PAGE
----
Mina's Child imagines a second generation springing from the "heroes"' in Bram Stoker's Dracula. In 1921, Mina and Jonathan Harker's daughter, Abree, a student at King's College, London, starts to question the extraordinary adventures her parents claim to have experienced in England and the Carpathians. Middle-aged Jonathan Harker is haunted by nightmares that Abree assumes to be about her brother, Quincey, killed in the Great War. As the Harkers follow the thread of their unease back to its source, they are haunted by memories of Lucy Westenra, fiancée to Arthur Holmwood, and the manner of Lucy's death. Having lost her brother, Quincey, in the Great War, Abree refuses to believe in a clear dividing line between good and evil. Abree suspects her parents' tales of glory hide a profound sense of guilt, particularly about the unexplained death of their friend, Lucy Westenra. The Harkers' maid, Jenny, it transpires, has reasons of her own to worry about the chaos in her employer's household. She is carrying Jonathan's child, but Harker plans to evade all such responsibilities. Jenny, suddenly unleashed as a destructive force against the household, decides to make the Harkers face their hypocrisy.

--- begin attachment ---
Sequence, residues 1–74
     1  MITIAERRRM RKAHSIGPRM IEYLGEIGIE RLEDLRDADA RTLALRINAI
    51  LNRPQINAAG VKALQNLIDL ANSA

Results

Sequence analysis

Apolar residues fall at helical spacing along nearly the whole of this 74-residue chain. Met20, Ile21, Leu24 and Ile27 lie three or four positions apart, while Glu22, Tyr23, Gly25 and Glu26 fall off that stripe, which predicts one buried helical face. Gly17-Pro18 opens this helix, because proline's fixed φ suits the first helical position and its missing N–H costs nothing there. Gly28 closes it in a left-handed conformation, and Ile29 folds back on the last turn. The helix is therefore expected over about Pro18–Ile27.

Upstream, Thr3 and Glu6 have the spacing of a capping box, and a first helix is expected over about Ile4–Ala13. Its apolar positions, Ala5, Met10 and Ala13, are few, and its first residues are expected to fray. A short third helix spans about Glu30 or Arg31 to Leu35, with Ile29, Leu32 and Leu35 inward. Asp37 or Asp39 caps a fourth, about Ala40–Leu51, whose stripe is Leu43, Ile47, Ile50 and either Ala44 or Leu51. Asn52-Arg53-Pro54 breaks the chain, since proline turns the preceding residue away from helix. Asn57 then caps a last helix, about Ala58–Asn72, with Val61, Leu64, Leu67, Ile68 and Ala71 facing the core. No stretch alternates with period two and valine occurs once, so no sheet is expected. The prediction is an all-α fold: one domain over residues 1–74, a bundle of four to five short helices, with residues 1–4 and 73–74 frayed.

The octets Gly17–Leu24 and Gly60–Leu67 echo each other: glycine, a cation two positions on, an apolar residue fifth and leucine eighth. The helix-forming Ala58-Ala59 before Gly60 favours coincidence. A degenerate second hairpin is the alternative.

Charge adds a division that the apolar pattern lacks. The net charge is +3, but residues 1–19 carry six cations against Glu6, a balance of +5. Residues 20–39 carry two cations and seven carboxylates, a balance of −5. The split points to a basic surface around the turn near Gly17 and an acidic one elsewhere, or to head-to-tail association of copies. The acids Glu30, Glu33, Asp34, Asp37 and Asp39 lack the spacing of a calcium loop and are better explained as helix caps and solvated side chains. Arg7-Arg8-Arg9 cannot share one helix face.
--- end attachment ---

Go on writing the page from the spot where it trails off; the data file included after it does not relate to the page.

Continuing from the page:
About the author
Paul Butler is the author of several critically acclaimed novels including Titanic Ashes, Cupids, Hero, 1892, NaGeira, Easton’s Gold, Easton, and Stoker’s Shadow. His work has appeared on the judges’ lists for Canada Reads, the Relit Longlist for three consecutive years, and he was a winner in the Government of Newfoundland and Labrador Arts and Letters Awards four times between 2003 and 2008 at which time he retired from the competition to be literary representative, and then chair, of the Arts and Letters Committee. A graduate of Norman Jewison’s Canadian Film Centre, Butler has written for the Globe and Mail, the Beaver, Books in Canada, Atlantic Books Today, and Canadian Geographic, and has also contributed to CBC Radio, local and national. He presently lives in Corner Brook, Newfoundland, where he works as an editor, runs online writing workshops, and holds an annual writing contest.